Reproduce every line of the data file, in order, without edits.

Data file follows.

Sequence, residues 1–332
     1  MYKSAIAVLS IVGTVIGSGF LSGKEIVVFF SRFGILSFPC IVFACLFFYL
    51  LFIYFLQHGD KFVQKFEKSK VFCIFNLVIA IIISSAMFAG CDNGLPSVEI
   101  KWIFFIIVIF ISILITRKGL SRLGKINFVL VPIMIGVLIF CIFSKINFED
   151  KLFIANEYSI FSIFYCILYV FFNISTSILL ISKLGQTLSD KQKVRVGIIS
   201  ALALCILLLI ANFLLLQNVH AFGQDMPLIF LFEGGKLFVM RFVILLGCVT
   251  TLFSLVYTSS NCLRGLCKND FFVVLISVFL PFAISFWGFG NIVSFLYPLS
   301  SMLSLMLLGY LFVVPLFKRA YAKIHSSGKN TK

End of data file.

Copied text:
Sequence, residues 1–332
     1  MYKSAIAVLS IVGTVIGSGF LSGKEIVVFF SRFGILSFPC IVFACLFFYL
    51  LFIYFLQHGD KFVQKFEKSK VFCIFNLVIA IIISSAMFAG CDNGLPSVEI
   101  KWIFFIIVIF ISILITRKGL SRLGKINFVL VPIMIGVLIF CIFSKINFED
   151  KLFIANEYSI FSIFYCILYV FFNISTSILL ISKLGQTLSD KQKVRVGIIS
   201  ALALCILLLI ANFLLLQNVH AFGQDMPLIF LFEGGKLFVM RFVILLGCVT
   251  TLFSLVYTSS NCLRGLCKND FFVVLISVFL PFAISFWGFG NIVSFLYPLS
   301  SMLSLMLLGY LFVVPLFKRA YAKIHSSGKN TK